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#3163833 - 02/14/13 11:30 AM Re: Tennessee Senate approves guns-in-parking-lots bil [Re: woodchuckc]
Redfred16
8 Point


Registered: 01/22/12
Posts: 1411
Loc: Hartland, WI

Offline
 Originally Posted By: woodchuckc
 Originally Posted By: John Harris
 Originally Posted By: woodchuckc
Regarding property rights, I was under the impression that your car is your property, no matter where it is parked, and what is inside it is your property as well. It seems that some are inferring that when your car, with its contents, is parked in your employer's parking lot it ceases to be your property and becomes your employer's. I'm sure that there are a number of things besides guns that employers prohibit from being brought into the workplace that people sometimes have in their cars because they used them before or will use them after work.



This is a good point. It is interesting that during the 2012 legislative hearings, Federal Express had a representative who testified in the Senate. The video is still available on the legislative website and, if not, I have a copy. Anyhow, the Federal Express representative testified that they could, as the property owner, prohibit employees from having even Bibles in their cars. The point is that Federal Express and others opposing this law in the past have asserted that once anyone crosses the property line that the owner/renter/manager has all rights to declare what is and is not allowable on the property.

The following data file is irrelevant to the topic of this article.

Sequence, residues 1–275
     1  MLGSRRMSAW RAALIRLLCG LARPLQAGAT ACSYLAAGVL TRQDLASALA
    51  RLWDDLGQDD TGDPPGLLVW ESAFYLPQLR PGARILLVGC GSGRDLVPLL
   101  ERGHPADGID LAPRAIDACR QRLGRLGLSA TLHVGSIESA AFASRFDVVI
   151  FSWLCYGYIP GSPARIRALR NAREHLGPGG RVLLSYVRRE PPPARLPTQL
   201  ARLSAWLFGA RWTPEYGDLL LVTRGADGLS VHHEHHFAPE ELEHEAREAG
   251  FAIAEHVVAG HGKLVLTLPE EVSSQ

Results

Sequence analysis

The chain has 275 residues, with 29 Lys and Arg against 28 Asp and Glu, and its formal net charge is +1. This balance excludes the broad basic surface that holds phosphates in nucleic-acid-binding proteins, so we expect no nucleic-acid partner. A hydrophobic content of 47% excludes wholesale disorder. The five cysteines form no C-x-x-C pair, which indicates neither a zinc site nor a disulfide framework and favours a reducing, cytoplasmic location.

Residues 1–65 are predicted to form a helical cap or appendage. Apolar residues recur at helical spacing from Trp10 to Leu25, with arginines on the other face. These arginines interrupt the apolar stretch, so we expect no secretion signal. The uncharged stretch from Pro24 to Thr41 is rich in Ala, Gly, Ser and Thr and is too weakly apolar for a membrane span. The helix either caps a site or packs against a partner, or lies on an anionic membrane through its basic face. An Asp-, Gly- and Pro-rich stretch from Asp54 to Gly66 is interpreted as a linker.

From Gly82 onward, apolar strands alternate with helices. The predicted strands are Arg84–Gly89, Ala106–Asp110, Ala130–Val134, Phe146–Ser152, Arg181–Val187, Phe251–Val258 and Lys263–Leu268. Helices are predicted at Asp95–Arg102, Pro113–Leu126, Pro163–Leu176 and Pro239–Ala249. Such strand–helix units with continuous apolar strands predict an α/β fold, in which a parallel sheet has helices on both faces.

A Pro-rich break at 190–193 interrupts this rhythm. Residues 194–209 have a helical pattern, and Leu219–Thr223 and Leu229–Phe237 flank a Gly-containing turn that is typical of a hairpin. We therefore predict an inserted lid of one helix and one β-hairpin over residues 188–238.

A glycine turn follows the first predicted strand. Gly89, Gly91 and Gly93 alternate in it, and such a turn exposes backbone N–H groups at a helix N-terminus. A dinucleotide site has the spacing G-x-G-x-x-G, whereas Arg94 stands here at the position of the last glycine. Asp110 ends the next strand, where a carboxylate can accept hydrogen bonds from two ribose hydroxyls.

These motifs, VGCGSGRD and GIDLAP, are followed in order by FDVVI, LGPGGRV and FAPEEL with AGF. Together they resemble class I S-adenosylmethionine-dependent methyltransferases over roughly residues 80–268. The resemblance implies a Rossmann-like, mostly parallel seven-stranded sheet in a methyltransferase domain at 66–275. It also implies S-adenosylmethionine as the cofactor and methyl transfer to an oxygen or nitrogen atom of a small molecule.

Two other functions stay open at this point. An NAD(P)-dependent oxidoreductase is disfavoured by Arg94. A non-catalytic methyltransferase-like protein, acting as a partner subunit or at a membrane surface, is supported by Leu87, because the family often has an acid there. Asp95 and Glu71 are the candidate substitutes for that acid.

While I agree that real property owners have a lot of rights regarding what use to make of the property, once a use is selected that involves allowing others to come onto the property some of those "owners" rights are constrained by a wide variety of laws and I would agree that too many laws are imposed on property owners and limits on the uses.

Where the courts (as opposed to legislatures) have worked to find balance is where activity on property has an identifiable impact on the rights of others off the property. Thus, there are nuisance laws that limit what one property owner can do (such as a pig farm) if it materially impacts the adjoining ability of adjoining property owners to reasonably use their land.